DVRs have been installed in the Tallahassee Airport in Tallahassee, Fla.

Tallahassee Regional Airport may be small in size, but it’s big on security. The airport was honored with the “2005 Excellence in Airport Security” award from Air Safety Week, an aviation security publication. The award is granted to the airport with the highest rating for airport security advances, security effectiveness, security management, leadership, balancing of security programs and operations and maintaining public confidence in air travel.

Located in Florida’s capital city, the Tallahassee Regional Airport supports commercial airlines, corporate aviation, commuter and charter services, as well as a variety of private aviation activities. The airport recently installed surveillance cameras and digital video management systems along with an access control system, all to ensure a more efficient passenger security process. Also installed were card readers and control panels to restrict access to doors and gate access points throughout the facility. The fully integrated system keeps security personnel keenly aware of activities inside and around the perimeter of the facility.

Access control systems allow for security personnel to know who is in the facility. All of the security devices in the airport are centrally managed through the access control system.


A consulting firm and integrated systems company played a major role in the installation. Counter Technology, the consulting firm, advised the security team on the necessary specifications for a scalable system while Siemens Building Technologies, Inc. managed the installation and integration of new security equipment.

“The system truly works for us,” said David Pollard, superintendent of operations at Tallahassee Regional Airport. “It’s very user-friendly. Operators can easily acknowledge alarms, pull up cameras and investigate access histories, all at the click of a button.”

Installation managers were also on hand to help the airport relocate its operations center to better support its surveillance needs. The consulting firm and integrators played a key role in the project. Working in close collaboration with airport personnel, the integrator ensured a seamless transition for all monitors, video systems and other equipment.

“We wanted to partner with a company that could grow with us,” Pollard explained. “We laid out what we wanted and Counter Technology provided us with a great value. They were a steady hand through the whole process. Likewise, Siemens was very knowledgeable about resolving technical challenges and understanding our unique needs. It was a very positive experience.”

Airport personnel have color-coded badges that quickly indicate authorized cleared employees from unauthorized employees.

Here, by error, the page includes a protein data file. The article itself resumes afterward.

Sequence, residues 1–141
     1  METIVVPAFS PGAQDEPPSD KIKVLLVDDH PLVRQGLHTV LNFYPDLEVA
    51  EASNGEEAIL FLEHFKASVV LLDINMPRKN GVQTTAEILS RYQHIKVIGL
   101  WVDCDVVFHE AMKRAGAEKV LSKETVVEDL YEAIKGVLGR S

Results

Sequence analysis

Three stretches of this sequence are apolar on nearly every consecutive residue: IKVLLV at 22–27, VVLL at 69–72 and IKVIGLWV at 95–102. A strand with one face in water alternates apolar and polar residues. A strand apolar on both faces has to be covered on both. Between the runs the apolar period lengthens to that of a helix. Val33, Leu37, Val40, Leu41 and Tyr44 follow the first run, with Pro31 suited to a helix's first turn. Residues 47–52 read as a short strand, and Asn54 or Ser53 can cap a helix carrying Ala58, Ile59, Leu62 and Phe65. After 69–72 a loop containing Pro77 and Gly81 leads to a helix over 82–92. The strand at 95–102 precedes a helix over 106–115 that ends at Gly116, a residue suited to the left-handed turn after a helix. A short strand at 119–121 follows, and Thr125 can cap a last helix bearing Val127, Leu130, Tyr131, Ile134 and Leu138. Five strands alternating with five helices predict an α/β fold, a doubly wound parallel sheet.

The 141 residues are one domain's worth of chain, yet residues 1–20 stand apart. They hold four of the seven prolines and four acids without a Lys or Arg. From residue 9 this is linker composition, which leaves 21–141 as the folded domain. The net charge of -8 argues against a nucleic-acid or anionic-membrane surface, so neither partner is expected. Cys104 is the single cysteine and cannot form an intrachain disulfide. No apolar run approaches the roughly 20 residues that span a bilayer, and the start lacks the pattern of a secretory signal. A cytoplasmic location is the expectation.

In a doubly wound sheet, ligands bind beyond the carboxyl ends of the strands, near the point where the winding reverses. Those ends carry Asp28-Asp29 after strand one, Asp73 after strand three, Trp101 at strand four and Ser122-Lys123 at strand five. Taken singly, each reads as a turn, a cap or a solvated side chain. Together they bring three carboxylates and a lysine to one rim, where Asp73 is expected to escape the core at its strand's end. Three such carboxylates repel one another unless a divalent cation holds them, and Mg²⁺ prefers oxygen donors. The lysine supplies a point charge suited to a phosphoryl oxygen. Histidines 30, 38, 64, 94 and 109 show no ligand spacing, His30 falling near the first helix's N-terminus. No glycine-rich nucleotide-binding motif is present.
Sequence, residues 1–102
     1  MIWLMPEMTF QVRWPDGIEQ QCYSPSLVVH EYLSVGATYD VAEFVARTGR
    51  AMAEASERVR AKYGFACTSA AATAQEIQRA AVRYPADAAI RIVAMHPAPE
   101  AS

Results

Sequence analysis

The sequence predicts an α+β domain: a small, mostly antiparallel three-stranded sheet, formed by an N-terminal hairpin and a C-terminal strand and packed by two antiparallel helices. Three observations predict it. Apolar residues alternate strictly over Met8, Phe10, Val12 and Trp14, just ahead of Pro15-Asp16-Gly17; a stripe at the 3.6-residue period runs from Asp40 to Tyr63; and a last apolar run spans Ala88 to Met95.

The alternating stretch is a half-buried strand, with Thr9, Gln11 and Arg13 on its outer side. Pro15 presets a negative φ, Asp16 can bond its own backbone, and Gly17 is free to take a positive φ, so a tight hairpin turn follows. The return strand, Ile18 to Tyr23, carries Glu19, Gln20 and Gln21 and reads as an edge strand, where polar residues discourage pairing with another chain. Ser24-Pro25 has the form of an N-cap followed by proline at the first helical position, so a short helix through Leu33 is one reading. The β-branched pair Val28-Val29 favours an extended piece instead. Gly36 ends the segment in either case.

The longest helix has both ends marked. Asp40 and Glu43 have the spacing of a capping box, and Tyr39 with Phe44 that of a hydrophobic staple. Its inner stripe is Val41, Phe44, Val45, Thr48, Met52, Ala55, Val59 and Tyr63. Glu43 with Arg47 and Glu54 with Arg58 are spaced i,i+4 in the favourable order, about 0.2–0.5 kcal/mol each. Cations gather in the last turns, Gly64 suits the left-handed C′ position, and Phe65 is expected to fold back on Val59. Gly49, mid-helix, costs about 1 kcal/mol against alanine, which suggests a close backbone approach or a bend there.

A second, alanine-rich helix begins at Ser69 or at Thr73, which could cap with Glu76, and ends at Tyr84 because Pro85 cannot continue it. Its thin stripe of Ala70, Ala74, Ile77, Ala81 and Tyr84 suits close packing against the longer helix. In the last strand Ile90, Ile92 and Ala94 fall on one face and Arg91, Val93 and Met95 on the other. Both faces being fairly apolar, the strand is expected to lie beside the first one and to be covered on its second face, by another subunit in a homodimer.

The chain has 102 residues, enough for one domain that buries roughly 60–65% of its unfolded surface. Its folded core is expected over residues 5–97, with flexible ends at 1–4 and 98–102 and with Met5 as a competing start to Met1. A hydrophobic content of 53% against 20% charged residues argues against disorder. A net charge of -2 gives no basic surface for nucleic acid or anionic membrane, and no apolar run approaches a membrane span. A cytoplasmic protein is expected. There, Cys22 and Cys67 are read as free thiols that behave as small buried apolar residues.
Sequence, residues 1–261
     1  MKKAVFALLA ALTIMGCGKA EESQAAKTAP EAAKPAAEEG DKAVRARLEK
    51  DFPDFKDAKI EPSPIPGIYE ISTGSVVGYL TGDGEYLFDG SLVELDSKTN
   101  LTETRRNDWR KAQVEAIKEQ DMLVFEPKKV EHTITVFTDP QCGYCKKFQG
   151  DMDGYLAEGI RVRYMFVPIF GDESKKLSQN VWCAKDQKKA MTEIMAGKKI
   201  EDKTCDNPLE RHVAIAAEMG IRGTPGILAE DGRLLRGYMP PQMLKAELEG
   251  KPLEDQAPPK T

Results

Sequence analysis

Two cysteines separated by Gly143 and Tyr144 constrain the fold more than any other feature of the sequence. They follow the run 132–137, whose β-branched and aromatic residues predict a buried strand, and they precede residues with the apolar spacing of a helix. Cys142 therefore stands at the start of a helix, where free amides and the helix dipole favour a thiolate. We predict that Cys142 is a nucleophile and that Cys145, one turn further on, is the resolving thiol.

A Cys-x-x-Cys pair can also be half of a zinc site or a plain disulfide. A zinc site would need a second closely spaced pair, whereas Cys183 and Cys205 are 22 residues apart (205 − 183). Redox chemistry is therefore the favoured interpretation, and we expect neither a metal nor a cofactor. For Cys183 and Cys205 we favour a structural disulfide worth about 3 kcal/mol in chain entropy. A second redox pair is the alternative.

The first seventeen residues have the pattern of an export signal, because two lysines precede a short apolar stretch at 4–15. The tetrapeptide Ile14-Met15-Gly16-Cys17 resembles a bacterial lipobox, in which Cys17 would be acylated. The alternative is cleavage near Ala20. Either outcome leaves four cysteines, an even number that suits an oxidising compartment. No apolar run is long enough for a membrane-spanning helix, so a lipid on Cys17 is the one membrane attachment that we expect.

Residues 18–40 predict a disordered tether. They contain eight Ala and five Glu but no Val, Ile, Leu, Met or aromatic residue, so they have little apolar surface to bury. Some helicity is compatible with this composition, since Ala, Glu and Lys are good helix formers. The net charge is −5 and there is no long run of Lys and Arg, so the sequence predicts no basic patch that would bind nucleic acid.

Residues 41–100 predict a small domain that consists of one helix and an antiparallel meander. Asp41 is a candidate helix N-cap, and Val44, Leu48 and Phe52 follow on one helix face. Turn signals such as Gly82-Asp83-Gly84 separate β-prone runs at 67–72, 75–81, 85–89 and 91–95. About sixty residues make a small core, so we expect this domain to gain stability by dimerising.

Well-regarded technology

The consulting company evaluated available options and recommended a fully integrated system to include more than 50 surveillance cameras and digital video management systems, plus card readers and a combination of control panels. All of the security devices are centrally managed through the access control system.

With the new security system in place, airport personnel have far greater and immediate awareness of situations occurring at the site. “We can link video and alarms so that when doors are held open it automatically pulls the camera up to that specific location so our system operators can view where an alarm has been activated or suspicious activity is occurring,” Pollard said. “All of this is captured on our Intellex system so we have a live view of what’s happening, as well as a recorded view should it be needed as evidence in a future criminal proceeding.”

The staff sees business value in the new card system. “With our previous system, we had to call support for help with the simplest changes,” said Pollard. “We wanted greater flexibility. With the new card system in place, we’ve even improved our badging. For example, we now color code all of our badges by clearance area, so that security officers doing spot checks can easily identify if someone was not authorized to be in a particular area.”

A long-term partnership

Pollard is now considering a transition to multi-technology readers so the airport will be poised to meet emerging federal requirements. “We’ll move easily to proximity readers, and be set up if we need to use smart card technology in the future” said Pollard.

“We’re no longer working in isolation. Security continually works on new programs, features and system upgrades based on input from other airports, and we’ll be able to take advantage of these upgrades.”